United States Regiments & Batteries > Pennsylvania > Infantry


(32nd Regiment Pennsylvania Volunteer Infantry)

The 3rd Regiment Pennsylvania Reserves lost 3 officers and 69 enlisted men killed or mortally wounded and 1 officer and 54 enlisted men to disease during the Civil War. It is honored by a monument at Antietam.

1861
May 20 Organized at Philadelphia and moved to Easton, Pa.
May 21-July 22 Camp at Easton
July 22 Moved to Harrisburg, Pa.
July 28 Mustered into United States service under Colonel Horation G. Sickel, Lieutenant Colonel William S. Thompson and Major Richard H. Woolworth

Moved to Washington, D.C., then to Tennallytown, Md. Attached to 2nd Brigade, McCall’s Pennsylvania Reserves Division, Army of the Potomac.

Oct. 9 At Camp Pierpont, near Langley, Va.
December 6 Expedition to Grinnell’s Farm
1862
March Attached to 2nd Brigade, 2nd Division, 1st Army Corps, Army of the Potomac

March 10-15 Advance on Manassas, Va.
April 9-19 McDowell’s advance on Falmouth attached to 2nd Brigade, McCall’s Division, Dept. of the Rappahannock
April – May Duty at Fredericksburg
June 1 Major Richard Woolworth promoted to lieutenant colonel in the 4th Pennsylvania Reserves
June 9-11 Moved to White House; attached to 2nd Brigade, 3rd Division, 5th Army Corps, Army Potomac
June 25-July 1 Seven days before Richmond
June 26
Battle of Mechanicsville
June 27
Gaines’ Mill
June 30
Charles City Cross Roads and Glendale
July 1
Malvern Hill
July-August At Harrison’s Landing
July 9 Lieutenant Colonel Thompson resigned
August 1 Captain John Clark of Company E was promoted to lieutenant colonel and Captain William Briner of Company D to major
August 16-26 Movement to Join Pope, attached to 2nd Brigade, 3rd Division, 3rd Corps, Army of Virginia
August 28 Battle of Gainesville
August 29 Groveton
August 30
Second Battle of Bull Run
September 1 Colonel Sickle was forced to leave the regiment on sick leave,.
September 6-24 Maryland Campaign. Attached to 2nd Brigade, 3rd Division, 1st Army Corps, Army of the Potomac.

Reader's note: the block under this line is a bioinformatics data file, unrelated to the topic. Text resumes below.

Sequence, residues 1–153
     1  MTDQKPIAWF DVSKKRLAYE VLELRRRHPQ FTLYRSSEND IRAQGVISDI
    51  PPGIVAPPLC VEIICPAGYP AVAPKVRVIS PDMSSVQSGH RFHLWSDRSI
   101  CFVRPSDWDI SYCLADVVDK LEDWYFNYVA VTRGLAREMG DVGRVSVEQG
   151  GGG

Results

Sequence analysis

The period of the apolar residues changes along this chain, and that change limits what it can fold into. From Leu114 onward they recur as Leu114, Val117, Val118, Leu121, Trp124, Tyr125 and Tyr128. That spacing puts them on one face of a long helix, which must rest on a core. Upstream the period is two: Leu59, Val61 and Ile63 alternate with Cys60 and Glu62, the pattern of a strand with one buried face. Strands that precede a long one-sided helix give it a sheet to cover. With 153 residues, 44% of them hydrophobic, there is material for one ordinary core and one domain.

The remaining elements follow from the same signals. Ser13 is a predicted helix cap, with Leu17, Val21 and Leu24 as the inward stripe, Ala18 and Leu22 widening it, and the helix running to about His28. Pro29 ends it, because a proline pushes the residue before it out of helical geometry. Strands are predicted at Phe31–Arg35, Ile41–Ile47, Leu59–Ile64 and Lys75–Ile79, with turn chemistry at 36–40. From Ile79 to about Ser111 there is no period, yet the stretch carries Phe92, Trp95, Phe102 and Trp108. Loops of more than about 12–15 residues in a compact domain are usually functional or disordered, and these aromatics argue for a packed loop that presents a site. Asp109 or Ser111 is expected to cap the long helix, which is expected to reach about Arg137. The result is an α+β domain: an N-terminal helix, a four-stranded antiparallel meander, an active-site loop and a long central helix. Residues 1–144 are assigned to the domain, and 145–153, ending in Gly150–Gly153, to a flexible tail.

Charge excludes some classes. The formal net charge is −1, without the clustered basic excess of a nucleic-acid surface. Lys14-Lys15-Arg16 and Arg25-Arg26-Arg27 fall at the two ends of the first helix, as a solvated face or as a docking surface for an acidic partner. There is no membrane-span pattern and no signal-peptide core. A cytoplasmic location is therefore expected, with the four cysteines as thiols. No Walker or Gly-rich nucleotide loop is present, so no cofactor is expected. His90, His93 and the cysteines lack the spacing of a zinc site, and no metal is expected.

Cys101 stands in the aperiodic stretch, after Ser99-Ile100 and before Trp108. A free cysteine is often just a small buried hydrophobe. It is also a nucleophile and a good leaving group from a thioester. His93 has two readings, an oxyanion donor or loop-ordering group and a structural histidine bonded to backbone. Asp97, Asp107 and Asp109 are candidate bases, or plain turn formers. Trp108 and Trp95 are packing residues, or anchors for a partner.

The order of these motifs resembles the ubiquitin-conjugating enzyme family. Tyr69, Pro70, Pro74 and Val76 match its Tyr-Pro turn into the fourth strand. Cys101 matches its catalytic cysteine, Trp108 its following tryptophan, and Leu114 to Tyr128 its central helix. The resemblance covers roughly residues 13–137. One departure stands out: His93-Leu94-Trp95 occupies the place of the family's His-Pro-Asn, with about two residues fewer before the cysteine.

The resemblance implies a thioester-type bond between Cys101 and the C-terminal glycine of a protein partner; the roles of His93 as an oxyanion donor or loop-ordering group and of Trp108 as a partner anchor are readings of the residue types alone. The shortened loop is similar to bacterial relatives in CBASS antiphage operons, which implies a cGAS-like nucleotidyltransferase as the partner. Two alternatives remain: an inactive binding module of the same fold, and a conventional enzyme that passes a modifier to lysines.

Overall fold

September 14
Battle of South Mountain
September 16-17
Battle of Antietam

The regiment was commanded at Antietam by Lieutenant Colonel John Clark.

From the monument on the Antietam battlefield:

Arriving on the field on the afternoon of September 16th, Lieut. Col. John Clark. Comd’g. the Regiment immediately deployed eight companies as skirmishers.

When the 2nd Brigade advanced on the morning of September 17th, the Regiment fell into line, and 600 yards South of this point became engaged with Hood’s Confederate Division.

Number engaged about 200.

Casualties at Antietam
Killed 12  Wounded 34  Total 46

September-October Duty in Maryland
October 30-November 19 Movement to Falmouth, Va.
December 12-15
Battle of Fredericksburg
1863
January 20-24 “Mud March”
February 6 Ordered to Washington, D.C. and duty there and in District of Alexandria attached to 2nd Brigade, Pennsylvania Reserves Division, 22nd Corps, Dept. of Washington, D.C
1864
January 6 Duty near Martinsburg, W. Va.
January 27 Operations in Hampshire and Hardy counties, W. Va.
February 7 Duty near Kearneysville, W. Va.
March 27 Near Harper’s Ferry
April 3 Moved to Webster
April 22 Moved to the Kanawha Valley, W. Va. attached to 3rd Brigade, 2nd Infantry Division, Dept. of West Virginia
May 2-19 Crook’s Expedition to Virginia & Tennessee Railroad
May 9 Battle of Cloyd’s Mountain
May 10 New River Bridge
May 10-19 Expedition to Meadow Bluff, Fayette County
May 12-13 Near Newport
June 4 Left front for Pittsburg, Pa.
June 8 Veterans and Recruits transferred to 54th Pennsylvania
June 17 Mustered out under Colonel Sickel, Lieutenant Colonel John Clark and Major William Briner